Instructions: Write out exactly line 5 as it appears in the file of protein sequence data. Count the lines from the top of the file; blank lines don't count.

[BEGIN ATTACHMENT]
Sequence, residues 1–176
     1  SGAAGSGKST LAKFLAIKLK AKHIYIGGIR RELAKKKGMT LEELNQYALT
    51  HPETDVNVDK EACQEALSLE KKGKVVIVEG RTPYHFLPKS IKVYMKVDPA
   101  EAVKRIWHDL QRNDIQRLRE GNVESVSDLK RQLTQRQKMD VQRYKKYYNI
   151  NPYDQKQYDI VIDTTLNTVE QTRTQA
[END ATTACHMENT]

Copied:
   151  NPYDQKQYDI VIDTTLNTVE QTRTQA